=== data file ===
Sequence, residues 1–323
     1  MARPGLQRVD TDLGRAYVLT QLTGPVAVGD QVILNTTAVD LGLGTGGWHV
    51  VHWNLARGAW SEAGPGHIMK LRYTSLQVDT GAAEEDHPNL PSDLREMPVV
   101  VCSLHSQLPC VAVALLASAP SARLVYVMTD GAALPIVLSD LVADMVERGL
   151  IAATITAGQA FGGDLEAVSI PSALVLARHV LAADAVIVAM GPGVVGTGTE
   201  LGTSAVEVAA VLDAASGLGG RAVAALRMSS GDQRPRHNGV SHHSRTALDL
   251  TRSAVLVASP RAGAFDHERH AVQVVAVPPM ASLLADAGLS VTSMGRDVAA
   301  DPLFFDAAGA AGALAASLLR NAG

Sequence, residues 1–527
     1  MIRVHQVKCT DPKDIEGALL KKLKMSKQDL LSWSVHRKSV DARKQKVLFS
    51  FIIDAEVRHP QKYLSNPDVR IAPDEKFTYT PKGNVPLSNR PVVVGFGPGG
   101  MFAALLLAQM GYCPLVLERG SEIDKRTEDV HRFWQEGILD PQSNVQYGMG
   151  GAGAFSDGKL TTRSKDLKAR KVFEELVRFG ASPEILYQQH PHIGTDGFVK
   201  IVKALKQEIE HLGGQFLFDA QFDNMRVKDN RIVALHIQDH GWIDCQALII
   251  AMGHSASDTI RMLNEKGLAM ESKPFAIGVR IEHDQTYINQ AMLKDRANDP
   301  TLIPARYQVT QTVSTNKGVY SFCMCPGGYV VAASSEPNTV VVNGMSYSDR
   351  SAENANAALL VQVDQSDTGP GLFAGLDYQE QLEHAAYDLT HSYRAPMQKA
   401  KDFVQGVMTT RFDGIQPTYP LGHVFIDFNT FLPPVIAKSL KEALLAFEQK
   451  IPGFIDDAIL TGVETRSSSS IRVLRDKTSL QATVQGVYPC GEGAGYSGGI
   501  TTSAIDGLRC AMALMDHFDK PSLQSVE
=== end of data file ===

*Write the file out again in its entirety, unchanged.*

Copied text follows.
Sequence, residues 1–323
     1  MARPGLQRVD TDLGRAYVLT QLTGPVAVGD QVILNTTAVD LGLGTGGWHV
    51  VHWNLARGAW SEAGPGHIMK LRYTSLQVDT GAAEEDHPNL PSDLREMPVV
   101  VCSLHSQLPC VAVALLASAP SARLVYVMTD GAALPIVLSD LVADMVERGL
   151  IAATITAGQA FGGDLEAVSI PSALVLARHV LAADAVIVAM GPGVVGTGTE
   201  LGTSAVEVAA VLDAASGLGG RAVAALRMSS GDQRPRHNGV SHHSRTALDL
   251  TRSAVLVASP RAGAFDHERH AVQVVAVPPM ASLLADAGLS VTSMGRDVAA
   301  DPLFFDAAGA AGALAASLLR NAG

Sequence, residues 1–527
     1  MIRVHQVKCT DPKDIEGALL KKLKMSKQDL LSWSVHRKSV DARKQKVLFS
    51  FIIDAEVRHP QKYLSNPDVR IAPDEKFTYT PKGNVPLSNR PVVVGFGPGG
   101  MFAALLLAQM GYCPLVLERG SEIDKRTEDV HRFWQEGILD PQSNVQYGMG
   151  GAGAFSDGKL TTRSKDLKAR KVFEELVRFG ASPEILYQQH PHIGTDGFVK
   201  IVKALKQEIE HLGGQFLFDA QFDNMRVKDN RIVALHIQDH GWIDCQALII
   251  AMGHSASDTI RMLNEKGLAM ESKPFAIGVR IEHDQTYINQ AMLKDRANDP
   301  TLIPARYQVT QTVSTNKGVY SFCMCPGGYV VAASSEPNTV VVNGMSYSDR
   351  SAENANAALL VQVDQSDTGP GLFAGLDYQE QLEHAAYDLT HSYRAPMQKA
   401  KDFVQGVMTT RFDGIQPTYP LGHVFIDFNT FLPPVIAKSL KEALLAFEQK
   451  IPGFIDDAIL TGVETRSSSS IRVLRDKTSL QATVQGVYPC GEGAGYSGGI
   501  TTSAIDGLRC AMALMDHFDK PSLQSVE